Dorothy Gale is swept away from a farm in Kansas to a magical land of Oz in a tornado and embarks on a quest with her new friends to see the Wizard who can help her return home to Kansas and help her friends as well.
In 1930's Austria, a young woman named Maria is failing miserably in her attempts to become a nun. When the Navy captain Georg Von Trapp writes to the convent asking for a governess that can handle his seven mischievous children, Maria is given the job. The Captain's wife is dead, and he is often away, and runs the household as strictly as he does the ships he sails on. The children are unhappy and resentful of the governesses that their father keeps hiring, and have managed to run each of them off one by one. When Maria arrives, she is initially met with the same hostility, but her kindness, understanding, and sense of fun soon draws them to her and brings some much-needed joy into all their lives -- including the Captain's. Eventually he and Maria find themselves falling in love, even though Georg is already engaged to a Baroness and Maria is still a postulant. The romance makes them both start questioning the decisions they have made. Their personal conflicts soon become ...Written by
After multiple directors had turned down the film, William Wyler finally agreed to take it on. Wyler at the time was suffering from a loss of hearing and was highly skeptical about making a film about music, thinking he was the wrong man for the job. He was slightly appeased in his decision after seeing the Broadway production. See more »
Liesl tells Maria that she and her siblings do not know how to sing when it shows her and Rolfe singing "16 Going on 17" in a previous scene. However, Liesl is indicated as being a rebellious teen that doesn't want the rest of her family to know (her romance with Rolfe, for instance, isn't known to the rest of them), so there is every chance that she knew how to sing. Besides, being the oldest, she most likely remembers her mother singing. See more »
The hills are alive with the sound of music / With songs they have sung for a thousand years. / The hills fill my heart with the sound of music. / My heart wants to sing every song it hears.
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Salzburg, Austria, in the last Golden Days of the Thirties See more »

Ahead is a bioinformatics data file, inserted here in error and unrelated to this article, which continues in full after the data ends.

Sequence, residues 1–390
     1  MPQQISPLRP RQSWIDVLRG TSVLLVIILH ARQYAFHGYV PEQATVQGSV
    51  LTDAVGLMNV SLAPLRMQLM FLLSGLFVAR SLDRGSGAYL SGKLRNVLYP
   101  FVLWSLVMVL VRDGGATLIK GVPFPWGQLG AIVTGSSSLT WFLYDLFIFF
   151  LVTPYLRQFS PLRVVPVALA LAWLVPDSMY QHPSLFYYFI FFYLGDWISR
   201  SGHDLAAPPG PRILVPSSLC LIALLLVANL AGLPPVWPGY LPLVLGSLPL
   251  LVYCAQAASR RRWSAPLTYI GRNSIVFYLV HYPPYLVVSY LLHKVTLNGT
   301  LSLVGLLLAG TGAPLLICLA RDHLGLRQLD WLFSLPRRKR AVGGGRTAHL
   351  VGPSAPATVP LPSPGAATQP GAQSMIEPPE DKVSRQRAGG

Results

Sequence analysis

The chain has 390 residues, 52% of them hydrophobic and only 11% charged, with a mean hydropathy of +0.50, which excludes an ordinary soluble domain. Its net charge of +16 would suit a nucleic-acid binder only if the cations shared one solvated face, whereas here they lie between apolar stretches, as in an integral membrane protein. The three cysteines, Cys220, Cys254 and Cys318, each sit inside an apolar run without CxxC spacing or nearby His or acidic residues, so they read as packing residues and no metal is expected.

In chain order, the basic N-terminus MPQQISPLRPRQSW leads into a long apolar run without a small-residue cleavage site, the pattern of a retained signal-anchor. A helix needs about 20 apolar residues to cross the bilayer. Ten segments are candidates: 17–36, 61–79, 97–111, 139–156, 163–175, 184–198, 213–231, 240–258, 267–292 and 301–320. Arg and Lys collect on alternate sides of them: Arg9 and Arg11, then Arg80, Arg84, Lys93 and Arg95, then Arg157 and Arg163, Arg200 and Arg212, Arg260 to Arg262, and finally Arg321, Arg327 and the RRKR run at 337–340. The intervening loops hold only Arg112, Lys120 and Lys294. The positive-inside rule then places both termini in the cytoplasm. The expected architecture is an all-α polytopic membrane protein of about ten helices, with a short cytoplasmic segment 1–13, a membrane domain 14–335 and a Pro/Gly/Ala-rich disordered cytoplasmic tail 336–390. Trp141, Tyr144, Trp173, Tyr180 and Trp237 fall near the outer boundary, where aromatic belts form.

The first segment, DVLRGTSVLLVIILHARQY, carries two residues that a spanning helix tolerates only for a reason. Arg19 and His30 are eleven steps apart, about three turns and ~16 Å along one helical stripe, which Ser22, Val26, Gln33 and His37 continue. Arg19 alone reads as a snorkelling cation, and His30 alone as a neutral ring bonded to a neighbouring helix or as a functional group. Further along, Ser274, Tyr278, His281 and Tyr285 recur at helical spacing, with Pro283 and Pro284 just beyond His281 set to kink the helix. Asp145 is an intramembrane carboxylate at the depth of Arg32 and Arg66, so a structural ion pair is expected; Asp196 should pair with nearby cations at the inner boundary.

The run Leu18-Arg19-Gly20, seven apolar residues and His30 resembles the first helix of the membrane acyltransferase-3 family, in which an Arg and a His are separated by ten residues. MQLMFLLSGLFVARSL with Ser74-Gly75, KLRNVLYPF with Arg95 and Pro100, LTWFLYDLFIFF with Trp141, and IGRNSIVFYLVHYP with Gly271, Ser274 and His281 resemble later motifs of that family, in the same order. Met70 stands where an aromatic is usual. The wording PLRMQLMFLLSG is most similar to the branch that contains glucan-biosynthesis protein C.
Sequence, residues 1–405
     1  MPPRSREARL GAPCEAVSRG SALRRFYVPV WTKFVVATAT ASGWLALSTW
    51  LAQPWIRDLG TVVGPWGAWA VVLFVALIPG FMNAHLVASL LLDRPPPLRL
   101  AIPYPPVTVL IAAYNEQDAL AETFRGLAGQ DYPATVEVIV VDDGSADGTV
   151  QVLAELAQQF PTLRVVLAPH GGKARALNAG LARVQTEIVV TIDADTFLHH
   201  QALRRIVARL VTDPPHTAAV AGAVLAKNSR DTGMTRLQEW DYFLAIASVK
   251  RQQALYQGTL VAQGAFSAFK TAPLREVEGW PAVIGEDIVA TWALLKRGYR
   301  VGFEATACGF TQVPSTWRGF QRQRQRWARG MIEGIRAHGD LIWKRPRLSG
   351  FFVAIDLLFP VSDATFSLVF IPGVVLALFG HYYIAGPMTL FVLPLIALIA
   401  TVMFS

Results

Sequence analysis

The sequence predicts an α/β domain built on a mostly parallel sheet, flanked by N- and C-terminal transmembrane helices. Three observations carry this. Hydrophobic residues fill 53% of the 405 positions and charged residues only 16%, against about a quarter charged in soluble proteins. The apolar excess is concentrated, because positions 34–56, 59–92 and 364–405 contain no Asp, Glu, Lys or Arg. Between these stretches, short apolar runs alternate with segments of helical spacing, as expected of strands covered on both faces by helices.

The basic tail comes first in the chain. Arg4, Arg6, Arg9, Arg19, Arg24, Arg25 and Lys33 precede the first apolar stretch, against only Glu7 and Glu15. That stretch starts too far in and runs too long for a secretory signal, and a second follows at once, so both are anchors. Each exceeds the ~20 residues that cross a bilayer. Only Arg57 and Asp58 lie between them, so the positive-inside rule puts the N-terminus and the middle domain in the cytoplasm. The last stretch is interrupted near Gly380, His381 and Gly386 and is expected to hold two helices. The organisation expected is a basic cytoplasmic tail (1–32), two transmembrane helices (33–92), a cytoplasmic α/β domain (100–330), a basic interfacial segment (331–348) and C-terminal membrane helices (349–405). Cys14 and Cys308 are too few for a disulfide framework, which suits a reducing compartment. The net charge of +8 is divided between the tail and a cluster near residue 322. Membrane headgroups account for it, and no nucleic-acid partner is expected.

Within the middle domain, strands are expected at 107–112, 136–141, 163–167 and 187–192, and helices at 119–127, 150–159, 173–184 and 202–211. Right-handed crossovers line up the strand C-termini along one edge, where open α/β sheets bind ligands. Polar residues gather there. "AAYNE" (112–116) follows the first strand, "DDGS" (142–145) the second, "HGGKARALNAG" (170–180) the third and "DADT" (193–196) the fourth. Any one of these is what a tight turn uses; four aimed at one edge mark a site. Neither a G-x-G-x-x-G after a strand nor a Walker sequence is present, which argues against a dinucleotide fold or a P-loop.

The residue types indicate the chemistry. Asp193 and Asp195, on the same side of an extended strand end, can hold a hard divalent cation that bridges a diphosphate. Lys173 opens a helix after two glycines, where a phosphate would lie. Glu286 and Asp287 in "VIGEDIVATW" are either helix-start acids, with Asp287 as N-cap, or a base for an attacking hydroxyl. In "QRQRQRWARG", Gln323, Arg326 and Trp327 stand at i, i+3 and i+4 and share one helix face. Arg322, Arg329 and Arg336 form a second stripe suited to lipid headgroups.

When the film was originally released in France, the sequences of the nuns singing "Maria" and the Mother Abbess singing "Climb Ev'ry Mountain" were cut as it was felt by the authorities that nuns singing non religious songs was disrespectful. These two musical numbers were therefore only heard in their "reprise" forms at Maria's wedding (Maria) and the final scene of the film (Climb Ev'ry Mountain). On the 2005 40th Anniversary DVD, the French Singalong version omits subtitles for these two songs. See more »
Not many films can achieve the flat out beauty that you see in The Sound of Music. The mesmerizing European landscapes and Julie Andrews' voice, not to mention the cute performances by the children, especially in their goodbye song, make this film not only the best musical of all time, but one of the best films of all time.
Yes, I did say best musical. Singin in the rain is sewer water compared to this. Not that Singin is a bad musical, but not as good. The Wizard of Oz is learning how to make fire, The Sound of music is inventing the Flying car.
This film is timeless, beautiful, inspiring, and uplifting, but I would advise that anyone who watches this would be mature enough, for anyone under the age of 15 will brush this movie aside, saying it is lame so as to maintain their level of coolness. I saw this happen when I asked my little sisters to watch it with me. They rolled their eyes and said the movie was terrible and boring. If only they understood. You have to have an open mind, and forget everything every little kid has said negative about this film. I never wanted to watch this, but some fellow high school seniors RECOMMENDED it to me. Obviously they had open minds, and they didn't care if they looked cool or not. Please watch this movie. It will make you happy, and it is so beautiful, you will almost cry. I had never really liked musicals, and perhaps I still do not overly enjoy them, but this film in all its beauty cut right through that barrier and took me with it to heaven, which is where it should belong, not on this horrible place where people condemn a musical film for being almost three hours.
To simply conclude, you will never see a more heart-stopping beautiful movie in your life.
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